Author(s): Kobayashi H, Kikuchi K, Tsubono Y, Tagami H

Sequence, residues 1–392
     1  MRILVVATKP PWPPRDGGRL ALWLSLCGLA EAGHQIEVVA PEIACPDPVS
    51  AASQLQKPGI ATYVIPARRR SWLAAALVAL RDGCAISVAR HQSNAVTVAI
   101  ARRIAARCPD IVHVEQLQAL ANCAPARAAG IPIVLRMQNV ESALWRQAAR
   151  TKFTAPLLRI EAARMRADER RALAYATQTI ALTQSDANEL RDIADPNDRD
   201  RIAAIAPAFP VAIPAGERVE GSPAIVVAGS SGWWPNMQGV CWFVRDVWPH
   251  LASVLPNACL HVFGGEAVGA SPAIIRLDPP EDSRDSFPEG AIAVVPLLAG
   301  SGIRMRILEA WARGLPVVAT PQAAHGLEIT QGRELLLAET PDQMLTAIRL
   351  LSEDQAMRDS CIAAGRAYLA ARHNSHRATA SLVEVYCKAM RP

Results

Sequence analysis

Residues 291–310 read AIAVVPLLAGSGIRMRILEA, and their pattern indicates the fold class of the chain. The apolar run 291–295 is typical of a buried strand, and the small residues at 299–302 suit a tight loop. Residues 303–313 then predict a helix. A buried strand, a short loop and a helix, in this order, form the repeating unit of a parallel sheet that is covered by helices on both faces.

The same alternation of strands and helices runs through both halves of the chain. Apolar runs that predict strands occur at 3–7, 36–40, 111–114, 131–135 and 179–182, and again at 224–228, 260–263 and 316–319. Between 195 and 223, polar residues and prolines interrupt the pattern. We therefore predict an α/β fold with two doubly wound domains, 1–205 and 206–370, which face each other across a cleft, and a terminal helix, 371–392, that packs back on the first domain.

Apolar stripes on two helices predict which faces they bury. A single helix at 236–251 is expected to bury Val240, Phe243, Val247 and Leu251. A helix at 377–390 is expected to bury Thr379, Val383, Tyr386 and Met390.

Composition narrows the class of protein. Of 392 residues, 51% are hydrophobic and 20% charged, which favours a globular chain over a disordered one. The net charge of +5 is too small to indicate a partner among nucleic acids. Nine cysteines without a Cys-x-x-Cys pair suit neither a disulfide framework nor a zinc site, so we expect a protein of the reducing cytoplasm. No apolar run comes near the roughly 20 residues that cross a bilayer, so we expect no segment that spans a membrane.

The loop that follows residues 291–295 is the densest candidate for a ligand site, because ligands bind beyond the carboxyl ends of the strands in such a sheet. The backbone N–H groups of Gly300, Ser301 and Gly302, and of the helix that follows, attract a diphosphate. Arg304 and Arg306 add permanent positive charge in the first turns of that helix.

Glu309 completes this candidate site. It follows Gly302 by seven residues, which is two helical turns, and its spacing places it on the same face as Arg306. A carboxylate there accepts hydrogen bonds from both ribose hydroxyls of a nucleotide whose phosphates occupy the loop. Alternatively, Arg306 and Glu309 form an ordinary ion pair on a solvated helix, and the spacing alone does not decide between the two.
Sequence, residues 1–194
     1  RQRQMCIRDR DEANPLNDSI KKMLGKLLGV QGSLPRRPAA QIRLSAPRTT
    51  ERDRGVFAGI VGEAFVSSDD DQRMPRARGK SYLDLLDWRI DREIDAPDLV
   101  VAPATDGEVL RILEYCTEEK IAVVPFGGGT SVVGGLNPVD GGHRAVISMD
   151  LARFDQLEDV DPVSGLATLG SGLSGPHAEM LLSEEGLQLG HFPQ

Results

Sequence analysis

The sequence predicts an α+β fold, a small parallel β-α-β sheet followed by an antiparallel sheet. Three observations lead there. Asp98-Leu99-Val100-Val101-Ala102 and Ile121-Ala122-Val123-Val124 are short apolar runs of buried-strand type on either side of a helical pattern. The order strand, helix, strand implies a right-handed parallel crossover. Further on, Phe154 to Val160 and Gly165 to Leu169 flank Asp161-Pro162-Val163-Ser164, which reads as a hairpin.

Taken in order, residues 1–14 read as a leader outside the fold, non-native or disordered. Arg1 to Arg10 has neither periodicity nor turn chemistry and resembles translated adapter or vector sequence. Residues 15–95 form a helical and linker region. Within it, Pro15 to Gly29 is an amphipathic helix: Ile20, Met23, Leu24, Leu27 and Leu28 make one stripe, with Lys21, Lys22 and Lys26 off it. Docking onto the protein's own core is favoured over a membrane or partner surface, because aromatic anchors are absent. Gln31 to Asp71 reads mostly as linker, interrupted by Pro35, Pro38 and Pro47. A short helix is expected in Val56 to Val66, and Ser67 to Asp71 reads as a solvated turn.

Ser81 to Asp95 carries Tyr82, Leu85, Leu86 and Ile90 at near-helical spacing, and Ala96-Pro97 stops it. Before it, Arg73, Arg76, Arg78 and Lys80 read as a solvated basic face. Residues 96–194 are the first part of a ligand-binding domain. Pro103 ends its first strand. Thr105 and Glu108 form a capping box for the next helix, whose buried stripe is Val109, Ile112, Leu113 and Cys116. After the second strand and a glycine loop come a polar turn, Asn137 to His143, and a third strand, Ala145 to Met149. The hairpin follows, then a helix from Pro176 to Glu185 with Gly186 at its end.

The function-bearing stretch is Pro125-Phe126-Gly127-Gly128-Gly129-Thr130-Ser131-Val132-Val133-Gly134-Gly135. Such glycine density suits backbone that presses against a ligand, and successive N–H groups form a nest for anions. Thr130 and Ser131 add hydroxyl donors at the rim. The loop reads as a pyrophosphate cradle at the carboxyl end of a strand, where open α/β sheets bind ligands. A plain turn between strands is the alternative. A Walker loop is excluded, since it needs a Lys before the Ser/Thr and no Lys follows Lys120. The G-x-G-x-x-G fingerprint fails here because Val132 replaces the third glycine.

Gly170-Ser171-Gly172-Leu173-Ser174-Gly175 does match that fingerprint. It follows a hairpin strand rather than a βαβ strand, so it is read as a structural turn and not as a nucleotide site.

BACKGROUND: Patients with atopic dermatitis (AD) are well known to be sensitive to irritation from the environment due to the impaired function of the stratum corneum (SC). Electrical current perception threshold (CPT) evaluation quantifies the sensory threshold to transcutaneous electrical stimulation of the sensory nerves. OBJECTIVE: To study the CPT in a noninvasive fashion using Neurometer CPT/C, together with measurements of various functions of the SC. METHODS: We measured the CPT on the flexor forearm and cheek of AD patients and normal individuals. Subsequently, we evaluated the CPT and skin sensitivity to a 30% aqueous solution of lactic acid after the infliction of various mildly disruptive measures on the SC on the flexor forearm of healthy individuals by the following three methods: (1) removal of the superficial sebum with acetone/ether, (2) scarification with a needle and (3) tape stripping of the SC. Finally, we examined the effect of topical applications of emollients such as petrolatum or a moisturizing cream to the scratched skin. RESULTS: AD patients showed a lower barrier function and lower CPT than normal individuals. In subsequent studies conducted in normal individuals, the CPT was found to be inversely correlated with transepidermal water loss (TEWL) levels after tape stripping. However, most of all, the partial superficial scarification with a needle decreased the CPT and increased the lactic acid stinging response. Prolonged removal of lipids from the SC with acetone/ether for 30 min that increased the TEWL levels for only 1 day decreased the high-frequency conductance value for 2 days and the CPT only on the 2nd day after treatment. Topical applications of emollients were effective to prevent the increased sensitivity caused by scratching. CONCLUSIONS: AD patients showed functional abnormalities of the SC and tended to have more sensitive skin on the cheek and flexor forearm than healthy controls. Even focal SC damage caused by superficial cracking may lead to further disruption of the already damaged SC in AD patients, by eliciting scratching and facilitating the permeation of various environmental allergens and also the induction of hypersensitive skin.